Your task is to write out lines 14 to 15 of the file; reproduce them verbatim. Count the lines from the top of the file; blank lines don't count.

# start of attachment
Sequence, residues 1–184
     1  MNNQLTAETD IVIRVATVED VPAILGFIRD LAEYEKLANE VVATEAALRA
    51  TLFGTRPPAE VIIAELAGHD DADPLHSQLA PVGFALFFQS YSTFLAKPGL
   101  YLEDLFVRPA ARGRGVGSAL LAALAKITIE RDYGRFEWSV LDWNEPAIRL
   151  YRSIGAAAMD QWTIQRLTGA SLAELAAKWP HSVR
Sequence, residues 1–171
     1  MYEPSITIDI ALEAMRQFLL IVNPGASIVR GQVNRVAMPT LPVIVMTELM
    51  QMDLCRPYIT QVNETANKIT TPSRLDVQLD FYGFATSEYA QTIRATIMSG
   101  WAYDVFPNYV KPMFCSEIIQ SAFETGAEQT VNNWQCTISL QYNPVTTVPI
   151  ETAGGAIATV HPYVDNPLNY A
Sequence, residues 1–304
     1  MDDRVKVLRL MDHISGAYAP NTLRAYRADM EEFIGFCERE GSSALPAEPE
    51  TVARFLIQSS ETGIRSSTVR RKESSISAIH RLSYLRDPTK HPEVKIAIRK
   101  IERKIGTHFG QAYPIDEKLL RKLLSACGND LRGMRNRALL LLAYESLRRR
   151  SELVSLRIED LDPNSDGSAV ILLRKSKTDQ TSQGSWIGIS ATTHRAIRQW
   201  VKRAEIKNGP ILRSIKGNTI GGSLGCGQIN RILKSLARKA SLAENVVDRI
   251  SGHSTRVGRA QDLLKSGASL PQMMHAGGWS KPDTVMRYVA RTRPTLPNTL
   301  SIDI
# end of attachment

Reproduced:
   101  IERKIGTHFG QAYPIDEKLL RKLLSACGND LRGMRNRALL LLAYESLRRR
   151  SELVSLRIED LDPNSDGSAV ILLRKSKTDQ TSQGSWIGIS ATTHRAIRQW